Imagine someone asked you to work out 49 per cent of 42 million. Did you feel something? A rush of blood? Butterflies in the stomach? Eager to get to the answer, or starting to feel a bit nervous? Are you back at school, being put on the spot and feel the need to get an answer out quickly?
What if I said you can take your time? Use a calculator, or your phone? Maybe Google it? Is the tension easing a little? For some, using a tool will help. Not for others.
Time to put you out of your misery. The answer is 20,580,000. Perhaps, like me, you didn’t have time to work it out but used estimation instead. My method is to work out half of 42 million (21 million) and know that the answer must be just a little less.
So why did I put you through this? Because 49 per cent of working age adults have the numeracy skills of a primary school child. Forty-nine per cent of 42 million people are not able to work out what 49 per cent of 42 million is, with a calculator, with a pen and paper and without time pressure. That’s more than 20 million people with low numeracy skills, struggling to work out percentages, and therefore engage in most financial transactions like tax, credit cards, mortgages or pensions. Some of them probably work in your organisation, and probably more of them than you might think.
But numeracy isn’t just about skills. It’s also about confidence – and the interplay between skills and confidence. Maths anxiety is almost as rife as low skills among the UK population. Nearly a third of UK adults (31 per cent) say they are not a ‘numbers person’, and one in four people would be deterred from applying for a job if it listed using numbers and data as a requirement. A lack of confidence with numbers is limiting career potential across all industries.
And for those in work, a lack of confidence can cause stress in the workplace. A lack of confidence with numbers and data – which we know to be a widespread issue, particularly among women – can prevent capable employees from putting themselves forward for development or promotion. Productivity is also affected: the cost of poor numeracy to the UK economy has been estimated by Pro Bono Economics to be £388m per week.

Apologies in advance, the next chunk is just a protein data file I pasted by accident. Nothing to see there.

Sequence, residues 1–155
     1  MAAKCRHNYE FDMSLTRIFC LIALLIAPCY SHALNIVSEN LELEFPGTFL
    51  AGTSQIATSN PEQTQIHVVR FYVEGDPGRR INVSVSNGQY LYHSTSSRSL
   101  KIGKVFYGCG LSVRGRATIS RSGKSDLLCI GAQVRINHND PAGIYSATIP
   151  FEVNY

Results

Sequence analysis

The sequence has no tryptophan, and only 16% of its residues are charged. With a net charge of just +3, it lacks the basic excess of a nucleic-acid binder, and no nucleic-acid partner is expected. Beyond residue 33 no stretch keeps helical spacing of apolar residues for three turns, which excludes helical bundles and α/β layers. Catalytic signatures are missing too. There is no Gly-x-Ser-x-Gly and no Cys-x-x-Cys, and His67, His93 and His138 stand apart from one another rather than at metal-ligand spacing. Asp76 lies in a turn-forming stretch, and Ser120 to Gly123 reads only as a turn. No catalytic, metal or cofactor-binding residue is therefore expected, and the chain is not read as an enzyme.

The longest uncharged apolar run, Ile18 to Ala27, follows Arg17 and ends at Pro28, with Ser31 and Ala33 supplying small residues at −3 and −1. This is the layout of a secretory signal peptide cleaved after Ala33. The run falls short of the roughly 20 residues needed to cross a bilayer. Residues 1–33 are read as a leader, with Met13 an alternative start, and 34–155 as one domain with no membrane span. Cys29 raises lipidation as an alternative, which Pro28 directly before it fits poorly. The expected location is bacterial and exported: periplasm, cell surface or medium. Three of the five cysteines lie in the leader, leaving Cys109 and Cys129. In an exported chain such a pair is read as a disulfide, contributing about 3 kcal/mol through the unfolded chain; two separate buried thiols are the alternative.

But there is good news. Improving numeracy (both skills and confidence) can make our employees happier and more productive. At National Numeracy, we have plenty of case studies that show how improving numeracy boosts self-confidence and helps people to engage more fully at work, become more self-assured, and therefore help their organisation to flourish. This can only be done in the right environment – one in which people can feel safe talking about their maths anxiety or low skills level.
Checking and improving numeracy and confidence with numbers can be achieved in a number of ways:
Signposting employees to our free to access the National Numeracy Challenge website. This can also be helped by leveraging National Numeracy’s knowledge of what motivates people of different ages and genders to want to improve their numeracy. For example, ‘helping children with their homework’ is particularly motivating for the 30-49 age bracket, and especially for women
Embedding a numeracy programme into learning and development programmes. This could include a face-to-face session from National Numeracy, which is already fully developed and delivered widely in the NHS, where the cohorts have been predominantly women. These sessions have received very positive feedback and where properly supported – by action plans, senior buy-in and the appropriate level of embedding and mandating the challenge process – have always led to significant improvements in numeracy levels in terms of both skills and confidence.
By providing the support to enable all staff to check and improve their numeracy using the National Numeracy Challenge, we can create a happier, more engaged, more confident and more productive workforce.
Ready to start? Good – just another 20,579,999 to go...
Paul Foss is data analyst and financial capability lead at National Numeracy